It was a short and sweet couple of weeks flying from our Nabire base to cover for the current pilot shortage there. It's been the most fun couple of weeks flying I've had thus far but as with all good things it had to come to an end, so for now I find myself back in my original hunting ground, Timika.
A large proportion of the airstrips we go to from Nabire are located along what's called the "Freeway". This is a track running roughly south-east/north-west along the valley between Nabire on the northern coast and Mulia airstrip in the central mountain ranges. Along the route are various reporting points that were established by the original missionary pilots and are still used by everyone today.
One of the main hazards you might encounter along the Freeway are aircraft flying at the wrong level. It's amazing some commercial pilots still don't know how to use the quadrantal rule which is the same here in Indonesia as it is in the UK when flying VFR. Radio silence is another one which can be compounded when some operators opt not to have their transponders serviceable, so that my TCAS system can't see them. First you see of them is an aircraft passing below/overhead, or a little closer before you spot it...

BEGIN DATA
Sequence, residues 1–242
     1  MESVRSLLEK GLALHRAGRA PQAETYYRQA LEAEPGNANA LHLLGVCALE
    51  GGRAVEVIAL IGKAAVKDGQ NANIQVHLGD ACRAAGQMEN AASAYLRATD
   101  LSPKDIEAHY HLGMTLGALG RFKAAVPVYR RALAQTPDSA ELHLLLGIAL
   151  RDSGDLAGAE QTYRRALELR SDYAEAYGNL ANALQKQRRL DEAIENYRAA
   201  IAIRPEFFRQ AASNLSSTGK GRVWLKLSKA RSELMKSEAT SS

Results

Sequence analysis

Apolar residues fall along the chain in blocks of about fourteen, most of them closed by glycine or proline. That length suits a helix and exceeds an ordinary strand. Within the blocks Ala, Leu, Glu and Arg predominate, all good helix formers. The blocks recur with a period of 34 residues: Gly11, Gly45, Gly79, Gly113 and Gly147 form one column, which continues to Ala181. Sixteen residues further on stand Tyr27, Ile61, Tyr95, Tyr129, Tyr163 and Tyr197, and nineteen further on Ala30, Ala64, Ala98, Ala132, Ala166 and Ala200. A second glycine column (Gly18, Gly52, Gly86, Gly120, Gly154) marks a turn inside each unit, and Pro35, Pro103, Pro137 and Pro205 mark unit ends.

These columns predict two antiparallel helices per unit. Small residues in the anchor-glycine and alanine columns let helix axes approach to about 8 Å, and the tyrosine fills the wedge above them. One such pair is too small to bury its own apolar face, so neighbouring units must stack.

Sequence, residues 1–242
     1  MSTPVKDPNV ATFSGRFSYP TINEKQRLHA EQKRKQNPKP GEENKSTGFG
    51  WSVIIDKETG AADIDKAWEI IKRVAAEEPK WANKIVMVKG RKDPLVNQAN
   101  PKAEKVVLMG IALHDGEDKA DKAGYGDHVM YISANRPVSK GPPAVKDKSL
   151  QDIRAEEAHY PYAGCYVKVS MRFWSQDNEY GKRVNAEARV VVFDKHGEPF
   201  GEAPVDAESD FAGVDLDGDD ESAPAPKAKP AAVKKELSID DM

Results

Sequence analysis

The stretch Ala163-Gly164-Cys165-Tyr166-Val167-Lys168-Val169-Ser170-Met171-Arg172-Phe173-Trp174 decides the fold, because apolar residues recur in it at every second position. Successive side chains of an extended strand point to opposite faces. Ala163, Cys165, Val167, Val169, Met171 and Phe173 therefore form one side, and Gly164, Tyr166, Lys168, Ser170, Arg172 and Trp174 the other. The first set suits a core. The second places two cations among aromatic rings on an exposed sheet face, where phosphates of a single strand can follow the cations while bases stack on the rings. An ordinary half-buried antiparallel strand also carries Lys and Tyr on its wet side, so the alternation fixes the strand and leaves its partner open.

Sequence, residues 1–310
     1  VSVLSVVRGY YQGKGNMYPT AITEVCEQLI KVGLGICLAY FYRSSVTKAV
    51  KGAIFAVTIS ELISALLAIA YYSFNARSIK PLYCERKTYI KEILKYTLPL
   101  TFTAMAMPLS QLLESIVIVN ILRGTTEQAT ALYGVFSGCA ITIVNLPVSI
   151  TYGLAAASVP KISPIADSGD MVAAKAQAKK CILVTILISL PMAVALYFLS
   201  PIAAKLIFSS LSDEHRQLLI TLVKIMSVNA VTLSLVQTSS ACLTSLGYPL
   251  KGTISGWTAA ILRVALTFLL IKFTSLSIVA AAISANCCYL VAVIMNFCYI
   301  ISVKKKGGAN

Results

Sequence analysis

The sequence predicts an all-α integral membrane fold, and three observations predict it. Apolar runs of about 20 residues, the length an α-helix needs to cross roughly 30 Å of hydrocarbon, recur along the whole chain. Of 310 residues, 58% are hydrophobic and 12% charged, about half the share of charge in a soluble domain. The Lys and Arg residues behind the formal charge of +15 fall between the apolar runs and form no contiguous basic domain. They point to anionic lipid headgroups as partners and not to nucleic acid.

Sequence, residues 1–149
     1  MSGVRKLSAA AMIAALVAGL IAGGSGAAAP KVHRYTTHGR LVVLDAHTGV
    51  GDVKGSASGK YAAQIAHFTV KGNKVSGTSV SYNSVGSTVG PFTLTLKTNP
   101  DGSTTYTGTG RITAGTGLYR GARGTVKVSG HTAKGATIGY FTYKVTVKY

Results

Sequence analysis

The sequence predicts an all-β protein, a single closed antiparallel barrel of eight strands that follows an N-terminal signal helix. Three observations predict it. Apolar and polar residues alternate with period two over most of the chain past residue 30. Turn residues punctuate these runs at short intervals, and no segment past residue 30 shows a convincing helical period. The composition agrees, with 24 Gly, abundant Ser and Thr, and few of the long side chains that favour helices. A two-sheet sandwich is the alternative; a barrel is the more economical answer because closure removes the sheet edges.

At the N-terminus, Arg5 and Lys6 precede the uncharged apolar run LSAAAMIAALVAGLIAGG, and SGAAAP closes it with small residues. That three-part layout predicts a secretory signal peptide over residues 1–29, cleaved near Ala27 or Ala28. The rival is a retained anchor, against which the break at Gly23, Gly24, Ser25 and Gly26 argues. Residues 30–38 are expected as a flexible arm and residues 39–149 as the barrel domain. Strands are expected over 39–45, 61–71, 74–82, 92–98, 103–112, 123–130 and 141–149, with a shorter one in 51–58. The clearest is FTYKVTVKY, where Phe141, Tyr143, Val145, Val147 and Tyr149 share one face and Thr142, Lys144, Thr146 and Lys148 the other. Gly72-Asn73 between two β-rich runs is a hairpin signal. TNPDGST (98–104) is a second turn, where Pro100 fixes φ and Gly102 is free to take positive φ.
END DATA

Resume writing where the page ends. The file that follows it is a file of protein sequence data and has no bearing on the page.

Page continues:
My two weeks in Nabire was cut a little short due to having to take the Porter based there to our maintenance facility for it's 100 hour check. All our Porters are inspected by our engineers every 100 hours which tend to come up every 3 weeks or so. Unfortunately, the engineers found some pretty serious corrosion below the floor which was caused by something leaking from cargo some time before. It's bad enough that the aircraft is now grounded until it can be repaired properly.
I was expecting things to be fairly quiet here in Timika but thankfully it's as busy as usual thanks to the never ending need to get cargo flown into the mountains. The majority of the flying in Timika is locally subsidised routes for the local people. The contract for these routes expired, as it always does, at the end of December. For reasons best known to Indonesians, they opt to renegotiate the contracts during the month of January and thus there are no subsidised routes being flown. This happens countrywide in Indonesia, every year. Why can't they negotiate them in November, before they expire and thus save wasting January? I just can't get my head around it!
|PAC P-750 XSTOL over-taking me along the "Freeway"|
|Old and new|
|You'd be amazed how accurate they are with those things|